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Episode 11: A Servant Heart — A Conversation with Major Diggs Brown

Erik and Jeff begin the session recapping a recent experience helping Nerissa Cannon, a young woman in a wheelchair, climb a Colorado 14er. The discussion revolves around the importance of teamwork which is fitting since our guest is Maj. “Diggs” Brown who, since he left the Army, has worked with teams of veterans to help them heal.

Diggs BrownDiggs has had seemingly many lives. He’s a current film actor, served in the Army as an officer in the Special Forces, and even worked as a financial advisor — the position he had when 9/11 happened, which led to his decision to join the Army.

The conversation starts with Diggs describing how he found the organization No Barriers at age 56 after returning from Afghanistan with a TBI and other injuries, including PTS and joined the No Barriers Warriors to take on his first expedition with other veterans.

When he returned home, he was lost and it was during his time with these other veterans — in training sessions and during talks around the campfire — that he found his purpose: to help other veterans come home and live well. But it was a road of discovery on his part to come to this conclusion.

During his first No Barriers expedition, his team reached the summit of Mt. Whitney in California. The date was September 11th and they were carrying the same American flag that had been with him at his office when 9/11 occurred. It was the first time he had felt truly connected to others in a long time.

“You make outstanding friendships, get new perspective on your life, and no matter how bad you think your situation is — it really isn’t. There’s nothing you can’t overcome.”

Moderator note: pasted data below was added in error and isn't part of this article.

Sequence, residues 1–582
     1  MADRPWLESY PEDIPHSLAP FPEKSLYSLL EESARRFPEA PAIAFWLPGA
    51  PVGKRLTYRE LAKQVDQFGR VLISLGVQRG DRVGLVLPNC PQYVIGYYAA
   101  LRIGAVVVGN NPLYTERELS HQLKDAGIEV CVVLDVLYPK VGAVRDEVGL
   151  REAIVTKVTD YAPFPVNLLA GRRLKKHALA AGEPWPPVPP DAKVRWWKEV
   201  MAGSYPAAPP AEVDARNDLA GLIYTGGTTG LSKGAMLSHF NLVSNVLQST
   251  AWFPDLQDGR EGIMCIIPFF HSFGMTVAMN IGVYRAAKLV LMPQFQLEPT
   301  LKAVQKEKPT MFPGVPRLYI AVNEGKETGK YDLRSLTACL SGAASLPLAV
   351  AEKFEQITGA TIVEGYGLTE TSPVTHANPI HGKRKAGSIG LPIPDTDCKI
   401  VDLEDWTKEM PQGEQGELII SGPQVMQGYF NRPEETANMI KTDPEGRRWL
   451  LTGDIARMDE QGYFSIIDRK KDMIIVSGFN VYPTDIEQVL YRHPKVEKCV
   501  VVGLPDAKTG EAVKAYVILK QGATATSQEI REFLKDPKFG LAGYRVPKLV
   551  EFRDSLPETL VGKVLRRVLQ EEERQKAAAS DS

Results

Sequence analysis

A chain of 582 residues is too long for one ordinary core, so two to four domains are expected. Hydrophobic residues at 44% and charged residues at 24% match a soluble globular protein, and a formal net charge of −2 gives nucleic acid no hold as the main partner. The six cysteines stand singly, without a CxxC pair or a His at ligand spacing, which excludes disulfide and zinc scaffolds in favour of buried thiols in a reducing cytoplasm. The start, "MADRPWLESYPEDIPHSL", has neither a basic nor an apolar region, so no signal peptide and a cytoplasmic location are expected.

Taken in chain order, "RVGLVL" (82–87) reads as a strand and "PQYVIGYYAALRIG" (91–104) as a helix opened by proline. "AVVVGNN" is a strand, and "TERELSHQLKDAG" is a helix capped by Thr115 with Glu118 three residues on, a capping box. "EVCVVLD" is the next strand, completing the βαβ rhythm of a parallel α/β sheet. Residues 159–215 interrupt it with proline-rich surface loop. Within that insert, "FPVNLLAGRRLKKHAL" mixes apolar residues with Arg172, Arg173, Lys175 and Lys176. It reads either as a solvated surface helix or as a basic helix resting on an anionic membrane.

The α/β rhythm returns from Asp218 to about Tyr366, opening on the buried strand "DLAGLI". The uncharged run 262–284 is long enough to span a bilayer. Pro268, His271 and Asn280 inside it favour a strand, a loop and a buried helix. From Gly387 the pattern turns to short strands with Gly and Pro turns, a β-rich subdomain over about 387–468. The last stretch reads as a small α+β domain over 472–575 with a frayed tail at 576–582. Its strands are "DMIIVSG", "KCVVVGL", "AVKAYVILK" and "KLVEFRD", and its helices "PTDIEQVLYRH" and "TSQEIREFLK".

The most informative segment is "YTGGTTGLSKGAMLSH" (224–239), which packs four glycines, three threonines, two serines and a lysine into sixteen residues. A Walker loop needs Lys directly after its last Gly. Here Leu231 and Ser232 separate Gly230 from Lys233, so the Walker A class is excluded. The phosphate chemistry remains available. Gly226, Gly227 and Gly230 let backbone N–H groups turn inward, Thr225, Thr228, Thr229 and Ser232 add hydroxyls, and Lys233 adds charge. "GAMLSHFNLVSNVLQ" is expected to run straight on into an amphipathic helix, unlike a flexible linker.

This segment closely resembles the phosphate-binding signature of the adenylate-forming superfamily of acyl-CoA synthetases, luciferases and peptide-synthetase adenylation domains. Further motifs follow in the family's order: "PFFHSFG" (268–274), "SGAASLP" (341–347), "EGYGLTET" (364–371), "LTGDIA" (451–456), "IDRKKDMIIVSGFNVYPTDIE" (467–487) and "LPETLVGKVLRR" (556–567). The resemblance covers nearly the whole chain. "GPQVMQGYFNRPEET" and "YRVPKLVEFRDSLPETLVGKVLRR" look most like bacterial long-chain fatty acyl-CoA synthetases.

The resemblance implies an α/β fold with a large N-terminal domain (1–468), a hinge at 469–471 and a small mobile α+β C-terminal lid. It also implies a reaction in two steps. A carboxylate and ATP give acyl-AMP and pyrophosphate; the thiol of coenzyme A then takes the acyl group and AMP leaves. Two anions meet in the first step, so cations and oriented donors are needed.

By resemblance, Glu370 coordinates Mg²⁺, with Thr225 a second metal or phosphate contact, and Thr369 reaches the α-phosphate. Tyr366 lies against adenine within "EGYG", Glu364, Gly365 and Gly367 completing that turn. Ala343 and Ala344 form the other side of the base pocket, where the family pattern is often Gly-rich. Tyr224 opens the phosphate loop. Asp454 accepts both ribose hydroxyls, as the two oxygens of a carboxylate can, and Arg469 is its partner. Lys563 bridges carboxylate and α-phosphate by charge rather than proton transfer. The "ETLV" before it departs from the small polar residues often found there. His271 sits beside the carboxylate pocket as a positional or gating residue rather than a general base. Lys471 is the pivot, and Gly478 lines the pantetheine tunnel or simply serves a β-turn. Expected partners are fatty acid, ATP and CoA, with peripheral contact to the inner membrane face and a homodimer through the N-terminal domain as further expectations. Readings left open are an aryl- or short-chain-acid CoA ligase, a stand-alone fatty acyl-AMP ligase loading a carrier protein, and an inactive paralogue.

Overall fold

The group returns to discuss Diggs’s time in Afghanistan. In 2002, they were the second set of special forces to arrive and as a Green Beret, his job was to be a “force multiplier” with a mission to help train their military to fight their own wars.

The Chaplain on site came to Diggs to ask for help rebuilding a school that had been destroyed by the Taliban. So, on his only day off once a week, he would go and help them run it, meaning he would teach 6 hours of English to the young boys (no girls) who would show up to school barefoot with no supplies.

“When looking at the accomplishments in my life, that is the big one.”

When Diggs noticed a young Afghani girl, maybe 11 years old, who would stare in through the windows to listen, he was determined to give her the same opportunity. After negotiating with the village elders who were adamantly against it, he got his way and with his persistence, they created possibly the first school to allow girls in.

Jeff shifted the conversation to inquire what led Diggs to pursue a military career and he responded with a tale of his dad taking him to see John Wayne in the movies as a young kid and how he was hooked. For Diggs, he was especially keen on being in special forces because it meant working with and helping the indigenous people and being enmeshed in their culture.

“My vision of the world is that if we all just took a breath and took a moment to try and help other people, what a wonderful wonderful place it would be.”

Erik asks what Diggs means by a “moral injury” which Diggs describes enduring after his return. Diggs answers that war isn’t what it looks like in Hollywood — you don’t feel the pain that comes along with the suffering and death and in particular describes a traumatic experience he endured that he believes he will carry with him over.